Sustainable development is not only about recycling or having an awareness of climate change. It is a change in our way of thinking and action in relation with nature, the world and humankind; grounded in the belief that the physical, social and intellectual worlds are interconnected. Based on this conviction, the project “Traditional knowledge for a modern and sustainable lifestyle” was developed. GEN Ambassador Jesús Pachecho Justo from Suderbyn Ecovillage, Sweden reports.
The project, was developed by three different Gotlandic organisations:
- ‘Relearn Suderbyn’, (suderbyn.se): A non-profit organisation based in Suderbyn Permaculture Ecovillage. Relearn’s aim is to promote a sustainable way of life through different outreach activities such as courses, trainings or internships.
- ‘Miljöverkstaden Merkurius’, (miljoverkstadenmerkurius.blogspot.se): A collaborative project between the People’s University in Visby and the Employment Service, with the aim to support unemployed people to re-enter the labour market.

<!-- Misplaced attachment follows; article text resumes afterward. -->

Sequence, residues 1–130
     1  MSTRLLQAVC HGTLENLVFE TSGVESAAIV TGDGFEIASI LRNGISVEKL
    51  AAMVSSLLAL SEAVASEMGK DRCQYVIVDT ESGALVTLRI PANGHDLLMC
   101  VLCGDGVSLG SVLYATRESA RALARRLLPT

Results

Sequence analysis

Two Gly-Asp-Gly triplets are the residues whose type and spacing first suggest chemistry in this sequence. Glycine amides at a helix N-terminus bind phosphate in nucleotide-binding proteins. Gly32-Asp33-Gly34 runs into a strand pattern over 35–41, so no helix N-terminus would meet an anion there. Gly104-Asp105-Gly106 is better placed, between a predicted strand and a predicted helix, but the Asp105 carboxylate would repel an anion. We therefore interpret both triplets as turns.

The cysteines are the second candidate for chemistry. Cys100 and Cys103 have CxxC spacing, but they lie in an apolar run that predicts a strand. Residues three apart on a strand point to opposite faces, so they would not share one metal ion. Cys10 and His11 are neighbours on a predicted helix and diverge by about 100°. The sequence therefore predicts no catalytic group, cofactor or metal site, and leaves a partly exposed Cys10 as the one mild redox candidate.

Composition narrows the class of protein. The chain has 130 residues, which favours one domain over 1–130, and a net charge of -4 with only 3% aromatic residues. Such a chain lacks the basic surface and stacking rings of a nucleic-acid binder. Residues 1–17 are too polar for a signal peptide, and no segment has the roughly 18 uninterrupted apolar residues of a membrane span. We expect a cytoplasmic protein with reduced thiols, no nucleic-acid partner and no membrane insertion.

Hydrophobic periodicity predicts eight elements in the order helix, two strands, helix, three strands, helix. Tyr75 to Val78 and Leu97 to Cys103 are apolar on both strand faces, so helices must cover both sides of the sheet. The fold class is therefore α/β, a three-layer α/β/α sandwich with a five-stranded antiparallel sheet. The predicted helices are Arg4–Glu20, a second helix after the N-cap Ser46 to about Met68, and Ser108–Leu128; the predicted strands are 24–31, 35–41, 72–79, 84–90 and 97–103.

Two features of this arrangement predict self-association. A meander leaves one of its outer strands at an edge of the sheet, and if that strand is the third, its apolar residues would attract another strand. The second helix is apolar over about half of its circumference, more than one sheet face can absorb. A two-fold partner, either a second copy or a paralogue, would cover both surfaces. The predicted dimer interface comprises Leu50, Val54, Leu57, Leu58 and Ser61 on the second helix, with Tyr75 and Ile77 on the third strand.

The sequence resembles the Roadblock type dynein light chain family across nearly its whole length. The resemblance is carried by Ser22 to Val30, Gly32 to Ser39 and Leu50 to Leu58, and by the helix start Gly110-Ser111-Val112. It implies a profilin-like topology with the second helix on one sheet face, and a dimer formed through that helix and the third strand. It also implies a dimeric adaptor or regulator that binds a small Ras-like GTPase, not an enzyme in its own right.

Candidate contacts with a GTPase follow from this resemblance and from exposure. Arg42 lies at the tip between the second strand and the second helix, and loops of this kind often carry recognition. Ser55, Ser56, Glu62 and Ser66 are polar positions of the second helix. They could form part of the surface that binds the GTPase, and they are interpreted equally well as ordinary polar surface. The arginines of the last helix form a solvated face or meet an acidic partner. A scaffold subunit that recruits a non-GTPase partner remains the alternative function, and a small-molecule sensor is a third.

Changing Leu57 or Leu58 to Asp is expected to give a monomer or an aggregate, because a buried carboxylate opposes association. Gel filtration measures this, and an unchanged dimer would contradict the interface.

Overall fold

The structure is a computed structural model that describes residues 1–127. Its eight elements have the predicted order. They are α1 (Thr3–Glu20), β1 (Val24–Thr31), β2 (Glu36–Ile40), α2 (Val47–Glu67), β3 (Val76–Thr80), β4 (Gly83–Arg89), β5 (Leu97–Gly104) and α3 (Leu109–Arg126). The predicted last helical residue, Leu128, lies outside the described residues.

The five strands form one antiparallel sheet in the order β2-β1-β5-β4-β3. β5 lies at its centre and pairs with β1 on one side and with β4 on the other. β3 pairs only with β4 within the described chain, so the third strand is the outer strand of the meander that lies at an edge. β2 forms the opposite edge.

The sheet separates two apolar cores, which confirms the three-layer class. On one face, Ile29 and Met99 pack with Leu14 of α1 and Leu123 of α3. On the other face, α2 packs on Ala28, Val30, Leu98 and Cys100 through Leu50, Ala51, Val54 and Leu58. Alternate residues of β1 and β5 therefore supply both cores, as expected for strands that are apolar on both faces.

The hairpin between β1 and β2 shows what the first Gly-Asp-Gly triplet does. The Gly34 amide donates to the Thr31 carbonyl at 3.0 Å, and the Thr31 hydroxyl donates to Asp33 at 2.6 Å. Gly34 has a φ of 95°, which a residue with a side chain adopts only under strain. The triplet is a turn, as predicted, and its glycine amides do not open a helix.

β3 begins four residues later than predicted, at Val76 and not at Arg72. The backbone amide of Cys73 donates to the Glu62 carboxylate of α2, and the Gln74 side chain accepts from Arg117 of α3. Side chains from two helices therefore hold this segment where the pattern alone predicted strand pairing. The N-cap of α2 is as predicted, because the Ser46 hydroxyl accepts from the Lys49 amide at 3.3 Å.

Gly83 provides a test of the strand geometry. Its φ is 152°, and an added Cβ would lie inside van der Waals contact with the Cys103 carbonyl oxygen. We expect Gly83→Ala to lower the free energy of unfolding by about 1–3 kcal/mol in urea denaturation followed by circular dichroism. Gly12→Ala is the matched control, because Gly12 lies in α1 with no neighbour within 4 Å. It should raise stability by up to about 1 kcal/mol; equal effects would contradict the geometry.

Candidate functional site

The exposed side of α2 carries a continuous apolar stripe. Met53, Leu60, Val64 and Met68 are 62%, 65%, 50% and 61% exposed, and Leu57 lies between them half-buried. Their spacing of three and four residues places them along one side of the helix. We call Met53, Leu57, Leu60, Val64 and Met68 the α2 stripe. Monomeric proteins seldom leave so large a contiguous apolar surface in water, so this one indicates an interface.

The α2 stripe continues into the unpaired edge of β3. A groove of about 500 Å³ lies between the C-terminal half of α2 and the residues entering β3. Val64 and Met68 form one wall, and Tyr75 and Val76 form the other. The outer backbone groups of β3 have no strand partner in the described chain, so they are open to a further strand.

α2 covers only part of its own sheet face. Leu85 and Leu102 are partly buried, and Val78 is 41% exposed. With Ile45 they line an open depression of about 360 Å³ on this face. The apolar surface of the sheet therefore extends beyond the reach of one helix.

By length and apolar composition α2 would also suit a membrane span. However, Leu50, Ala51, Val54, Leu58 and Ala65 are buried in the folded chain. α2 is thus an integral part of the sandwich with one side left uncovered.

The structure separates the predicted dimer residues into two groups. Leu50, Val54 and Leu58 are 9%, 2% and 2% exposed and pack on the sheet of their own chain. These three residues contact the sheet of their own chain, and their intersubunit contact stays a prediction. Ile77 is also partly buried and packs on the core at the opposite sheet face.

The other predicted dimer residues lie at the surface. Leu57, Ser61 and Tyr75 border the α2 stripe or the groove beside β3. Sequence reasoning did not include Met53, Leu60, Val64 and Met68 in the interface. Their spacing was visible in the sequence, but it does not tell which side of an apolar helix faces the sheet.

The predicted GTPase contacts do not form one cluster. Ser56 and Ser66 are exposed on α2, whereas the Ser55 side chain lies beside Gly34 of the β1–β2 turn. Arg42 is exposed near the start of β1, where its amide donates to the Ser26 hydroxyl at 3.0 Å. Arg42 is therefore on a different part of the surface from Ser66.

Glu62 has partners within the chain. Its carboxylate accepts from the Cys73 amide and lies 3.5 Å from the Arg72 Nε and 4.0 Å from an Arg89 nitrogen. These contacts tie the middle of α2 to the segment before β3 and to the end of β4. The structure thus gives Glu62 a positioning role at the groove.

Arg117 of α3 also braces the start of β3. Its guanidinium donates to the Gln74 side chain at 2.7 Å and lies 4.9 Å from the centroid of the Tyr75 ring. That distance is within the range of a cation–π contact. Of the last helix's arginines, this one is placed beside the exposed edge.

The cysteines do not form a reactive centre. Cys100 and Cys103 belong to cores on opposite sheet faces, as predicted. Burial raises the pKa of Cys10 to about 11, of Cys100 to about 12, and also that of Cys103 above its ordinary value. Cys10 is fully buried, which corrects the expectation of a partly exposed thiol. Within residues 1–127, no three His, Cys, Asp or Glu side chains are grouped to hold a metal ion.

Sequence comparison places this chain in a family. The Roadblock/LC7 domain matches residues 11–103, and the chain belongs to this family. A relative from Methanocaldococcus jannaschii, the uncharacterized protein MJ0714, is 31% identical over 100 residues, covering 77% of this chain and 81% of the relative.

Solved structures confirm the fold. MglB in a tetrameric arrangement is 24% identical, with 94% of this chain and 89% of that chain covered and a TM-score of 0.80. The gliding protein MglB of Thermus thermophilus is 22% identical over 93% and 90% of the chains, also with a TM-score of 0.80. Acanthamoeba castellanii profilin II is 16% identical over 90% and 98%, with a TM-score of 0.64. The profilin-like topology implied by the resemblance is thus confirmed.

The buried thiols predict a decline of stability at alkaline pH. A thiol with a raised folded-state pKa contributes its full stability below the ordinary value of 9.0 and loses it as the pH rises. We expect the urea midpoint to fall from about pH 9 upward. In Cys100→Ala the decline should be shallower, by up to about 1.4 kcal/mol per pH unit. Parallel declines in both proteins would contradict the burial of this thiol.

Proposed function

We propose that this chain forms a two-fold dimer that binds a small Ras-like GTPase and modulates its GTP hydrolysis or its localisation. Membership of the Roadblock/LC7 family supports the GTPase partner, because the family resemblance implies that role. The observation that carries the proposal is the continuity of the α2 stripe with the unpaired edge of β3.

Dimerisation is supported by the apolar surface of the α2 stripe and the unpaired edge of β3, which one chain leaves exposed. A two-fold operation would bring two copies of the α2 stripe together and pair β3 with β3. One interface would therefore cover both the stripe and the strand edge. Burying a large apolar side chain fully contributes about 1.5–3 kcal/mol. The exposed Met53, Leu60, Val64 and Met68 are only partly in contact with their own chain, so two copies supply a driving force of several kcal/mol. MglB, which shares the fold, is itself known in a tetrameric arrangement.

- ‘Gotland läns hemslöjdsförening’, (hemslojdenpagotland.se): The handicraft association of Gotland that is working for both professionals as well as for those seeking knowledge and inspiration for his/her hobby. They kindly ran the course.
The project was organised in three different parts. The first was the initial seminar where preconceptions and initial opinions were discussed. The participants considered the role of handicraft in contemporary society, and its ecological advantages and drawbacks.
Two different materials were chosen for further study in the courses that followed. The decision was made upon consideration of what was the most locally accessible and abundant source material. Our conclusion was to look closer at wood and wool. Working with wood has a long tradition in Sweden – both in craft and traditional building. So the agreement to choose this material was unanimous.